“The Texas Heart Institute continues to be a leading center for innovation in mechanical circulatory support systems,” said Joseph G. Rogers, MD, the president and CEO of THI, in a press release.

“This award will further the development and testing of the SLIC LVAD, a device intended to provide an option for a vulnerable patient population and another tool in the armamentarium of the heart failure teams worldwide.”

If it works as hypothesized, the SLIC LVAD will improve upon current LVAD technology, which will boost quality of life for countless heart patients. But the innovation won’t stop there. Technologies that IDEA Lab is testing include wireless power transfer for medical devices and coatings to reduce blood clotting could find applications in many other technologies that could help patients live longer, healthier lives.

Texas A&M University signed an agreement with NASA's Johnson Space Center last month, and the American Center for Manufacturing and Innovation signed a similar agreement a few weeks later. Photo via nasa.gov

NASA signs 2 public-private lease agreements at Houston campus to promote human space research

ready to launch

NASA and the American Center for Manufacturing and Innovation signed an agreement Thursday, Feb. 29 to lease underutilized land in a 240-acre Exploration Park at the agency's Johnson Space Center in Houston. The deal comes after a similar lease with the Texas A&M University System.

ACMI will enable the development of facilities to enable commercial and defense space manufacturing, while A&M reports that it will develop a facility for human spaceflight research and development.

These two public/private lease agreements allow industry and academia to use NASA Johnson land to create facilities for a collaborative development environment that increases commercial access and enhances the United States' commercial competitiveness in the space and aerospace industries.

“For more than 60 years, NASA Johnson has been the hub of human spaceflight,” NASA Johnson Director Vanessa Wyche says in a news release. “Exploration Park will be the next spoke in the larger wheel of a robust and durable space economy that will benefit not only exploration of the Moon, Mars and the asteroids, but all of humanity as the benefits of space exploration research roll home to Earth.”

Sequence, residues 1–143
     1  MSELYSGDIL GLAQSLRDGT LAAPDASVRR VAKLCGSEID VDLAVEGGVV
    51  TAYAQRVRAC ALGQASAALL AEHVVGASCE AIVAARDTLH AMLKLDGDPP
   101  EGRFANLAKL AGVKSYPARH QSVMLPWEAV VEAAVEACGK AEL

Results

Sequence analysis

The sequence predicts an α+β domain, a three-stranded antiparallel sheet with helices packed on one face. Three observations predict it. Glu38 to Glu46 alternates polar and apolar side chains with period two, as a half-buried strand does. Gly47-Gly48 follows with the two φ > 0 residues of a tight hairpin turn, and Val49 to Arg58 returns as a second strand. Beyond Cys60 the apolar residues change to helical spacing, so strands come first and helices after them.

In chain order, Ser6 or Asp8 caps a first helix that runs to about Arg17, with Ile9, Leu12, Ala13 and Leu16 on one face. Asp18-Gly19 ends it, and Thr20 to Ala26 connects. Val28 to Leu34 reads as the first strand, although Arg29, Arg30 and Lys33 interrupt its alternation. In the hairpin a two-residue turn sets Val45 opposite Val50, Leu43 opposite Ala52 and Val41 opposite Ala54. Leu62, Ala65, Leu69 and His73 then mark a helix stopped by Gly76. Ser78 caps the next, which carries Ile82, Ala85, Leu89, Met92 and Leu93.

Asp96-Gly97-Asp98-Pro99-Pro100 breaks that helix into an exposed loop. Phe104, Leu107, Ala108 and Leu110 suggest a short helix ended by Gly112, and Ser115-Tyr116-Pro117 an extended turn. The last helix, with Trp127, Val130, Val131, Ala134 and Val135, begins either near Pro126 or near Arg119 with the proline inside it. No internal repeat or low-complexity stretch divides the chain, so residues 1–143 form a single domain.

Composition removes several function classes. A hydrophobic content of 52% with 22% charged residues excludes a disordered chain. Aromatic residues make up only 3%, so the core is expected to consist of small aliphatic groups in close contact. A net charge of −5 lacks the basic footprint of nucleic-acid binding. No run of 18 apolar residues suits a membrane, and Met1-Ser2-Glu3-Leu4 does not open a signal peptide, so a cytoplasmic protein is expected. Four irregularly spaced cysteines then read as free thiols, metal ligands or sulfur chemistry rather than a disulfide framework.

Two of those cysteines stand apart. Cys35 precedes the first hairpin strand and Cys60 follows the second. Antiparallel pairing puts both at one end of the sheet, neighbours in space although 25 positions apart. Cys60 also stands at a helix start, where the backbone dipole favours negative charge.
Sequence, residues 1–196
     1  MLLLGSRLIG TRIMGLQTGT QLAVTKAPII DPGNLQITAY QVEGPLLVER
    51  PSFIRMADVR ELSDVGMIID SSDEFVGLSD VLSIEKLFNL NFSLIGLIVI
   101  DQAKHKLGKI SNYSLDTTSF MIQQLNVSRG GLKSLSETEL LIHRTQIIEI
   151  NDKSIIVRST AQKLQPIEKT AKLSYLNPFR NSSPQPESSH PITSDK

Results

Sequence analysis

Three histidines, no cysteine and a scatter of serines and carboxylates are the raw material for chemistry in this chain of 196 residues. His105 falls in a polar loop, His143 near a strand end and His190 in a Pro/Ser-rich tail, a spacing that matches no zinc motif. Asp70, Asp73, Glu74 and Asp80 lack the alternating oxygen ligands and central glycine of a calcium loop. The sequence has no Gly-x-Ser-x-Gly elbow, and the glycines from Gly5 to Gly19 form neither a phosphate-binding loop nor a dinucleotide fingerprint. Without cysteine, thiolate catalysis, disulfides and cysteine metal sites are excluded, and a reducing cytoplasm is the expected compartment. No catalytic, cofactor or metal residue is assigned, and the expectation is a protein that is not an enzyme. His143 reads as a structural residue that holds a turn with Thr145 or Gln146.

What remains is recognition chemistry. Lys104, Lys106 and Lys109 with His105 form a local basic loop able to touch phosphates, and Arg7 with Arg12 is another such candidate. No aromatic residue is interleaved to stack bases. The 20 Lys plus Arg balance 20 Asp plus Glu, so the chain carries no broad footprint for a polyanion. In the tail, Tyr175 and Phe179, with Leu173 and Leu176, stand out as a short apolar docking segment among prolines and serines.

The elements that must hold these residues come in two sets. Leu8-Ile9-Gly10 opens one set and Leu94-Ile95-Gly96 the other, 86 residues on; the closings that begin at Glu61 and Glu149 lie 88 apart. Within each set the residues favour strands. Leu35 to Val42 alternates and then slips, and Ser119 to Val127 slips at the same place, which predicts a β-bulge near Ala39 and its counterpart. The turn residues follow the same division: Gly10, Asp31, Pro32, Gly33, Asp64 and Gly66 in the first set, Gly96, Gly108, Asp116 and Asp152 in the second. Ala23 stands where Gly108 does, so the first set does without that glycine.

Calling it the Space Systems Campus, ACMI plans to incorporate an applied research facility partnered with multiple stakeholders across academia, state and local government, the Department of Defense and regional economic development organizations.

"This Space Systems Campus will be a significant component within our objectives for a robust and durable space economy that will benefit not only the nation's efforts to explore the Moon, Mars and the asteroids, but all of humanity as the benefits of space exploration research roll home to Earth," Wyche says of the ACMI deal.

As the home of Mission Control Center for the agency's human space missions, astronaut training, robotics, human health and space medicine, NASA Johnson leads the way for the human exploration. Leveraging this unique role and location, Exploration Park will play a key role in helping the human spaceflight community attain U.S. goals for the commercialization and development of a robust space economy by creating an infrastructure that fosters a multi-use environment where academic researchers, aerospace companies and entrepreneurs can collaborate with NASA. Exploration Park will create an infrastructure that allows for a multi-use space hardware development environment, where academic researchers, aerospace companies and entrepreneurs can collaborate on space exploration's greatest challenges.

"ACMI Properties will develop this Campus to serve the needs of our future tenants, aerospace industry, the Department of Defense and other significant stakeholders that comprise our ecosystem approach," said Simon Shewmaker, head of development for ACMI Properties. "Our aim is to support human spaceflight missions for the next 40 years and beyond."